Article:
Effects of Taxation: Corporate Mergers

Effects of Taxation: Corporate Mergers

Effects of Taxation: Corporate Mergers

Effects of Taxation: Corporate Mergers

Excerpt

In this study of the effects of taxation on corporate mergers, the second in the series arising from the research program on the effects of taxation on business conducted through the Harvard Graduate School of Business Administration, financed by a grant from the Merrill Foundation for Advancement of Financial Knowledge, Professors Butters, Lintner, and Cary have combined a description of the relevant aspects of tax law with an analysis of their effects. Taxation may be significant in the absorption of one company by another from two standpoints: it may be a major factor in inducing the sellers to sell or the buyers to buy, and it may greatly influence the form of a transaction once a decision in favor of a merger has been reached. Though the second of these subjects has been widely discussed as an operating problem in business, the first and more fundamental one has not heretofore been analyzed systematically.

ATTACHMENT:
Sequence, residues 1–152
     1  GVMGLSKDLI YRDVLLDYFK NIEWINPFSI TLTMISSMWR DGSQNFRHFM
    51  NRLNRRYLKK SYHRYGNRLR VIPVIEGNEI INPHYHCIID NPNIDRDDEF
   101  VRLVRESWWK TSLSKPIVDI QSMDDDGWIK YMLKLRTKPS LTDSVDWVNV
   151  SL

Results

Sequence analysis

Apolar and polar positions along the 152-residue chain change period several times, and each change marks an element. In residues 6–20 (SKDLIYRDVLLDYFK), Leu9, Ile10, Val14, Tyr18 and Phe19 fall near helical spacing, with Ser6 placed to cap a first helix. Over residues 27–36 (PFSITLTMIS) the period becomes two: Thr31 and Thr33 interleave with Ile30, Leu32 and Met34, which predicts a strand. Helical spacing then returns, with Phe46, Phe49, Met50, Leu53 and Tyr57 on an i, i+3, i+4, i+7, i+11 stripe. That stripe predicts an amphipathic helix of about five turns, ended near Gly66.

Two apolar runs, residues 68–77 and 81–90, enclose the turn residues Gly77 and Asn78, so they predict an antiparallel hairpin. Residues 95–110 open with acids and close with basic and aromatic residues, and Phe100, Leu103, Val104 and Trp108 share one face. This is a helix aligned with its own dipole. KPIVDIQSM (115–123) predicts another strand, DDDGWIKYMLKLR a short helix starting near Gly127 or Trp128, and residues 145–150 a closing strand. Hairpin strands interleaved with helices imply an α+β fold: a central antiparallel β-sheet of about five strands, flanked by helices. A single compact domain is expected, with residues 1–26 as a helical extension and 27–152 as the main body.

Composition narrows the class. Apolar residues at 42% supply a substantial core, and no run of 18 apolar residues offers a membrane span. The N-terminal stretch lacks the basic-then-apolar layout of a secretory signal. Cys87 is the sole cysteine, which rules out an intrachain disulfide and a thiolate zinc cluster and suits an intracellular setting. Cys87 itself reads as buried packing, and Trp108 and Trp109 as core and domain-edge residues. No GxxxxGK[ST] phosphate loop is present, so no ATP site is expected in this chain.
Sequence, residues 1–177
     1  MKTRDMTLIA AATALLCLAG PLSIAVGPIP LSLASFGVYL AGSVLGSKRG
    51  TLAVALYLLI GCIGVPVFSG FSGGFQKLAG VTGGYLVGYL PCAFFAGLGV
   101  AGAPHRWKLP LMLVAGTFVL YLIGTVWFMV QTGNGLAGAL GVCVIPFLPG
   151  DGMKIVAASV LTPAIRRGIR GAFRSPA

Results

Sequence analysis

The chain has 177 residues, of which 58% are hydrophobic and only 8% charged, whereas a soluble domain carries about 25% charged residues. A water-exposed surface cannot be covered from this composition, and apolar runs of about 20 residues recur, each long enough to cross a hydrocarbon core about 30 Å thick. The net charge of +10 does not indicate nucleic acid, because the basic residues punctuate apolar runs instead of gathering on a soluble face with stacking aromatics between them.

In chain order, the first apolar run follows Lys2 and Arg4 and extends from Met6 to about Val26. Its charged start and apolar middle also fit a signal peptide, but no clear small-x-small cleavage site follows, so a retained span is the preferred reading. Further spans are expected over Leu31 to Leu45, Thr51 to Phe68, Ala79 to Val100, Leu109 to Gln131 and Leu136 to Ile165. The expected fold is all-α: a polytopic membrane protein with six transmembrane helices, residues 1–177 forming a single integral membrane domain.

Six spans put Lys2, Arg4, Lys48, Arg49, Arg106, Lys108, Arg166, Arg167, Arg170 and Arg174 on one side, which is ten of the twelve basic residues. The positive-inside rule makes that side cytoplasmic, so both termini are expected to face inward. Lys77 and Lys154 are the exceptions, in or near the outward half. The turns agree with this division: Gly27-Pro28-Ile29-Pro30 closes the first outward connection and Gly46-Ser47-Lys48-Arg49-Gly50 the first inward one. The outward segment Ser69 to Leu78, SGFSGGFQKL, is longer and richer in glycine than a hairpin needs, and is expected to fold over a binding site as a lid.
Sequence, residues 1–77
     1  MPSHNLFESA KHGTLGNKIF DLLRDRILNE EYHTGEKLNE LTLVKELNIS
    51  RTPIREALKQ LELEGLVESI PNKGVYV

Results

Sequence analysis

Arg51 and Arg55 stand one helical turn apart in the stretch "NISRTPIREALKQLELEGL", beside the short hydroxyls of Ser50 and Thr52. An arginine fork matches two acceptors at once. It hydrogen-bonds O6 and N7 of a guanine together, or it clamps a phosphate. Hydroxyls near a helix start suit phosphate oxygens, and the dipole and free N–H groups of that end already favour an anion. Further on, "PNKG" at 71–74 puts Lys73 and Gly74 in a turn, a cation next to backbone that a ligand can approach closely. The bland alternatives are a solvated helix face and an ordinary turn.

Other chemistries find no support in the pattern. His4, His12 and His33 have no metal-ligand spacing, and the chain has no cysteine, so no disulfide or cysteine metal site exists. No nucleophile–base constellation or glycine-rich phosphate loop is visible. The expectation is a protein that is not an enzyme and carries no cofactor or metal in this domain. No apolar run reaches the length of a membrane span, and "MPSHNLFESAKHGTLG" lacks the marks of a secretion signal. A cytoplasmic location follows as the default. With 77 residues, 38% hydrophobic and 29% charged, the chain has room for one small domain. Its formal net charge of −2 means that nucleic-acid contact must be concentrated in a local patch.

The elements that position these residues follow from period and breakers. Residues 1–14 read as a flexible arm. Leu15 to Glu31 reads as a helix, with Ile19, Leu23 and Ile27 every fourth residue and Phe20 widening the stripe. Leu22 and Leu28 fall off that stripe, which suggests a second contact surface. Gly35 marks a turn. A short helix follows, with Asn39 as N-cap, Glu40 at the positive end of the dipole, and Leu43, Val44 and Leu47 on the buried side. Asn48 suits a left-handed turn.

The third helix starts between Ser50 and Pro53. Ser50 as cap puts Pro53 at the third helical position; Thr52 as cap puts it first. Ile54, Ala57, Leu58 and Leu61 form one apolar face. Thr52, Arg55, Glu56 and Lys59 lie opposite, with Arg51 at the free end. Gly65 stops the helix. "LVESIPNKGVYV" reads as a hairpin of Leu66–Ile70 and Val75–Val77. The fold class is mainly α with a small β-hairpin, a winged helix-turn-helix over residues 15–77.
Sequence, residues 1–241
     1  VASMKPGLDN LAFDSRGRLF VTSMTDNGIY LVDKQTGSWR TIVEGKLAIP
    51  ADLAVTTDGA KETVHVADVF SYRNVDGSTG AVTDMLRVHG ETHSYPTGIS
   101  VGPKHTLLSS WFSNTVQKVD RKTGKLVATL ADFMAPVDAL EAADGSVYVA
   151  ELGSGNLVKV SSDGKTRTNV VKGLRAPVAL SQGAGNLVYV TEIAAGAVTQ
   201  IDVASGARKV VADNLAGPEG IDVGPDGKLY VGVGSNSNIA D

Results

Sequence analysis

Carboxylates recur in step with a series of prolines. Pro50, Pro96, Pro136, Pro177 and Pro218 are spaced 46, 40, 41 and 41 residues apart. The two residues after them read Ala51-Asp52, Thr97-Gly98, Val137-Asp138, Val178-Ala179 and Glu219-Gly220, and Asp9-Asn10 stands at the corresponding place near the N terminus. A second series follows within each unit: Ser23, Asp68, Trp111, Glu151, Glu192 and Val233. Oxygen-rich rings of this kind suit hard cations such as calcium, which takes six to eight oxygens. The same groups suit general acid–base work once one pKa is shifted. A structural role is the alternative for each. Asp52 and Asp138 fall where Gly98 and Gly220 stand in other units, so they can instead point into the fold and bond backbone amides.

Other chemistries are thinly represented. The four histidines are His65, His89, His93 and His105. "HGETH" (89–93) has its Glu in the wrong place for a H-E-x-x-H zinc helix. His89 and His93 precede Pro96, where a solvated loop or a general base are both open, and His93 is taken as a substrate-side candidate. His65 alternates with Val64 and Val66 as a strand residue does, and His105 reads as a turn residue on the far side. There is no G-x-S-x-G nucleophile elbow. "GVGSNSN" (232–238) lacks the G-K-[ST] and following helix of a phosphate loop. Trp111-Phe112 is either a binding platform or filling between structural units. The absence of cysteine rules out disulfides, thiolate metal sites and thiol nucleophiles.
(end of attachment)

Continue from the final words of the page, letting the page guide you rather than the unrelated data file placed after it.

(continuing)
The continued establishment of new businesses has been recognized as of general social and political as well as economic importance. The maintenance of existing companies as independent entities is almost equally important. Some government action has been directed towards desired goals at both ends of the life cycle of individual companies. Their formation has been encouraged by various forms of credit guarantees and direct lending as well as by the advisory services of the Department of Commerce. And their disappearance through merger has been limited by antitrust legislation. Taxation, however, has been charged with exercising peculiarly perverse influences at both ends by decreasing the availability of funds for new ventures and forcing the sale of many successful, established companies owned by a single family or a small group of investors. The validity of the second of these tax influences is the principal theme of the present investigation.

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